A. Evidence- based practice
___________ is based on surgical conscience: that is, the ethical and professional motivation that regulates a professional's behaviors regarding disease transmission.
d. aseptic technique
__________ occurs when the surgeon's gloved hand accidentally touches the non sterile edge of the surgical drape.
The _______ is worn by both sterile and non-sterile surgical personnel in the perioperative environment.
a. scrub suit
At the close of the case, gown and gloves are removed:
b. by removing the gown first and then gloves
Before opening a sterile pack, the scrub should also check the outside package for the:
What operating room furniture should the large pack be placed on before opening?
c. back table
What operating room furniture should the instrument tray be placed on prior to opening?
d. prep stand
What operating room furniture should the basin set be placed on before opening?
a. ring stand
Items wrapped in _____________ are delivered directly to the scrub by grasping the top edges of the wrapper and peeling the wrapper apart to reveal the sterile item.
b. sealed pouches
All of the following are correct about pouring solution on the sterile field, except:
c. when pouring sterile liquids, do not empty the entire container away from the sterile field
Look at the picture and answer the following questions about the actions of the surgical technologist.
A. The surgical technologist has just opened one side of her sterile table. What are her next three actions? (Be specific)
Action one: open the other side of the table being careful not to move the drape across the surface.
Action two: Prepare the ring stand and basin. Unfold the the basin away from you then from side to side until you unfold in front of you. Be careful of the wall and other tables. Keep 12-18 inches away otherwise known as the distance barrier.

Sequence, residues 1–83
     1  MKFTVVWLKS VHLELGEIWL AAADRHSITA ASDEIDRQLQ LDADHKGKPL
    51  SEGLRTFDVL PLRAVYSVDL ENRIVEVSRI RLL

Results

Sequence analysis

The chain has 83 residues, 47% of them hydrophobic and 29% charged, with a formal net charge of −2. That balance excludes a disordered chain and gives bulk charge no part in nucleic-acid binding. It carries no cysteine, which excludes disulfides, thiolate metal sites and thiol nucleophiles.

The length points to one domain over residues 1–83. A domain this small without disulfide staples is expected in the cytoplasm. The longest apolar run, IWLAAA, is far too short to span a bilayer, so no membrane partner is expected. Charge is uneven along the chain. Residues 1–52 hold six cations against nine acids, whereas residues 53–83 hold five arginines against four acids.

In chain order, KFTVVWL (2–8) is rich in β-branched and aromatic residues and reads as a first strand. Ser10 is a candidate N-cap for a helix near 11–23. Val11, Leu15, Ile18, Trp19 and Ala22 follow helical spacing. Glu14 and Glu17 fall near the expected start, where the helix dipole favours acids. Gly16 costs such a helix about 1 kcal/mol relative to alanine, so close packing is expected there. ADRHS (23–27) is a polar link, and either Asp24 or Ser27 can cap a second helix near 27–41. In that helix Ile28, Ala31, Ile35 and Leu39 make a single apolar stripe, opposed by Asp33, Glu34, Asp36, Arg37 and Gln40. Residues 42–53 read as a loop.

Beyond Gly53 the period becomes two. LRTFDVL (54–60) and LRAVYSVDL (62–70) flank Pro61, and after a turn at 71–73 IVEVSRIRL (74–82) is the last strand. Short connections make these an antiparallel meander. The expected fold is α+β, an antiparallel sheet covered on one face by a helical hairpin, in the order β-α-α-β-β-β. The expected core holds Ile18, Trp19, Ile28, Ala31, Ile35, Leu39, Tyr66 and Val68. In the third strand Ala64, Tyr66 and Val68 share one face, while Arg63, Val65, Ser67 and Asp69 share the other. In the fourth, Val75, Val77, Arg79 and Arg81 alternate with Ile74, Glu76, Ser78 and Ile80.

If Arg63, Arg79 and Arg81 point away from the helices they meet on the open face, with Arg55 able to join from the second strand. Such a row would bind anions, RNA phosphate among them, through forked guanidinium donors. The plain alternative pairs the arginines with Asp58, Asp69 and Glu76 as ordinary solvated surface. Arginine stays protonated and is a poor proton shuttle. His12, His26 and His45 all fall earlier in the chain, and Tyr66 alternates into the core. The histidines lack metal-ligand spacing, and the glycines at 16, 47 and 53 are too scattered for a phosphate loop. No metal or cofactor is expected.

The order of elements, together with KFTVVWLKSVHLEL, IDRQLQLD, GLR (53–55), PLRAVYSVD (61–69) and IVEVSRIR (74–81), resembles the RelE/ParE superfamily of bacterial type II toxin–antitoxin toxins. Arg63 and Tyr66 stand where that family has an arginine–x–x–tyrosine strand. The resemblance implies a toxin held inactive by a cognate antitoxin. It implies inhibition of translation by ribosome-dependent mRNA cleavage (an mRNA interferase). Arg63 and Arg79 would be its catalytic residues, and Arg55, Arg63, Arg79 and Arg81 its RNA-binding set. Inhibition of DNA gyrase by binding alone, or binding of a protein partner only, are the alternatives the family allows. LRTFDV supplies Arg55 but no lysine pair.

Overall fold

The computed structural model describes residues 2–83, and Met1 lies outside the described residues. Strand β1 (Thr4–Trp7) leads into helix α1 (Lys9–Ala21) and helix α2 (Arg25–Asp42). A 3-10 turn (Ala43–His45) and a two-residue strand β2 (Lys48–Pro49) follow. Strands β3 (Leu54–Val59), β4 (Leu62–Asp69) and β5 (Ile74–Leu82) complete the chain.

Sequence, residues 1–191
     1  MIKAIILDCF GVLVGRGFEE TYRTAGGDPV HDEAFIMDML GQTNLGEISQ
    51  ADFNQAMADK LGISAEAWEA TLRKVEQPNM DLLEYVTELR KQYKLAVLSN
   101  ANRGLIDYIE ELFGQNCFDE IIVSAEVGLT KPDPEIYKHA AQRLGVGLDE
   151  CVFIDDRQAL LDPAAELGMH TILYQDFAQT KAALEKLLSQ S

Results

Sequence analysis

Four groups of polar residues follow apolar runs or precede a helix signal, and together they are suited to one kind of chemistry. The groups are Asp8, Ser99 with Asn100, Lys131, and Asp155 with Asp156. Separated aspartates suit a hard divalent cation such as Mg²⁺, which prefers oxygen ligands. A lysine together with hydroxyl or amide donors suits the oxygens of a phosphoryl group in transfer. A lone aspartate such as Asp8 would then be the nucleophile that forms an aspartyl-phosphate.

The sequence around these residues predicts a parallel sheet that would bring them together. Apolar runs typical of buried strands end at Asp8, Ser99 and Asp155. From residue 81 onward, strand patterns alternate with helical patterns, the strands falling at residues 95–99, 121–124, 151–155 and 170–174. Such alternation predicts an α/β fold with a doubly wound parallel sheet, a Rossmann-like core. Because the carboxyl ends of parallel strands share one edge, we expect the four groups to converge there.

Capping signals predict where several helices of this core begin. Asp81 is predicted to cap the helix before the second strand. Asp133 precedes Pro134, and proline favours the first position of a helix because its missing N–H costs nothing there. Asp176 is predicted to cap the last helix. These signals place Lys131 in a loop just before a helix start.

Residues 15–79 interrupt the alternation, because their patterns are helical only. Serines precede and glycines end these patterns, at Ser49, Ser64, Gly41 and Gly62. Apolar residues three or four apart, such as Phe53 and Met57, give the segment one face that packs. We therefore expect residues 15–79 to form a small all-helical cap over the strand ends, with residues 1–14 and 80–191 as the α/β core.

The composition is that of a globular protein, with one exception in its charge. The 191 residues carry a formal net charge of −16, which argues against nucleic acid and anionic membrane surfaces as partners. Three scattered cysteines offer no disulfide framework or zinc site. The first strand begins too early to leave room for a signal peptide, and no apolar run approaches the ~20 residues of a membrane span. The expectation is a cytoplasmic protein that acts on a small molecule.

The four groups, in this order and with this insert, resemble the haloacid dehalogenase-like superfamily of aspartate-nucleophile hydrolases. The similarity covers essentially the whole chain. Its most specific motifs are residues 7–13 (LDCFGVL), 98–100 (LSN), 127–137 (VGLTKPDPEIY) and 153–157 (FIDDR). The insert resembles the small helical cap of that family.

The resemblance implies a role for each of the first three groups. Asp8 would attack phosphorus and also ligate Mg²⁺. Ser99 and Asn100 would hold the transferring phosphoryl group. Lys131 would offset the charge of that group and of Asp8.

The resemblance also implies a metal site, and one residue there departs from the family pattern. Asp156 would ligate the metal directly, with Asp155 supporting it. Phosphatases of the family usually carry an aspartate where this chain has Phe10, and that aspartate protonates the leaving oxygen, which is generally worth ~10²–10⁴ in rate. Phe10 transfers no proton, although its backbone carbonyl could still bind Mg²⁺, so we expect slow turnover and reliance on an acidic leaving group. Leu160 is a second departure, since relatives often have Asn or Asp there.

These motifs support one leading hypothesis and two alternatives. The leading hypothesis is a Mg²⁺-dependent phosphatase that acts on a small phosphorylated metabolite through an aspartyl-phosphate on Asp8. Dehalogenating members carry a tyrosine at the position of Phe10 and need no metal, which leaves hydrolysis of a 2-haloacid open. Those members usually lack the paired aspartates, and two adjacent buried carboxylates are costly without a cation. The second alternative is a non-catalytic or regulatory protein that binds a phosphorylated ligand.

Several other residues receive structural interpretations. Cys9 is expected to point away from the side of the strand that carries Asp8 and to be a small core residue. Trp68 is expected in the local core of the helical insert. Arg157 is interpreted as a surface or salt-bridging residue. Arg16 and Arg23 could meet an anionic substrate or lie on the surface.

Action three: prepare gloves and gown on mayo stand. Remove gown from plastic and place on stand. Unfold carefully like before being aware of the 1 inch margin of contamination. Pop the gloves on the gown away from the 1 inch contamination area.
Case studies 2:
Answer the following questions about evidence based practice.
A. What is evidence based practice?
B. Why is it so important to the surgical technologist?
C. How can you practice evidence-based practice every day?
D. Who is responsible for ensuring that EBP is being conducted?
It's a practice based on science and evidence rather than opinion or tradition.
B. It's logical and uses data rather than conjecture.
C. Ask questions like why a technique is being used, what the rationale is behind a procedure, and what is the best way to accomplish a task?
D. I am.
THIS SET IS OFTEN IN FOLDERS WITH...
SUR 100 Ch. 9
SUR 102 Ch. 19
SUR 102 Ch. 12